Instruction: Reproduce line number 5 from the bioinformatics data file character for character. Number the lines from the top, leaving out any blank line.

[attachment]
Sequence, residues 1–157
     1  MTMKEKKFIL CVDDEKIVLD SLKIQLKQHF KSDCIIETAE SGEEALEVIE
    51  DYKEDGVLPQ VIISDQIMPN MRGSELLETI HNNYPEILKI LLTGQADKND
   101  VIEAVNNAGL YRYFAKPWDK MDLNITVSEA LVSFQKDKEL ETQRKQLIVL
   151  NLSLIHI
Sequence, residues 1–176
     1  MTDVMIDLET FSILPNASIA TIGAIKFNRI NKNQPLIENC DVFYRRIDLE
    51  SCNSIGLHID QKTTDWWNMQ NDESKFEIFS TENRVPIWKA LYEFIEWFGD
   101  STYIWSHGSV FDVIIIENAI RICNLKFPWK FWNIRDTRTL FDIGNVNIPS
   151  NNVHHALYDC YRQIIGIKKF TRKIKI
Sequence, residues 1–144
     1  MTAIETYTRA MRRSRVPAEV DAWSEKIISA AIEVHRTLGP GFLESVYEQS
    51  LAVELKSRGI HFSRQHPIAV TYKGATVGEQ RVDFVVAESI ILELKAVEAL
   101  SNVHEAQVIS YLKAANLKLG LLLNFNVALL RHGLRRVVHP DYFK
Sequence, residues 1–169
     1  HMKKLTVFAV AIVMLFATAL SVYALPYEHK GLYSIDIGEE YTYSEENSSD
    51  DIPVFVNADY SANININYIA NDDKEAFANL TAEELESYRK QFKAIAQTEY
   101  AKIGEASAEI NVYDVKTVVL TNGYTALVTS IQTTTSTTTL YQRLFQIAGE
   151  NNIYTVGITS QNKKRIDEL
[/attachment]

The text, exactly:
   151  NLSLIHI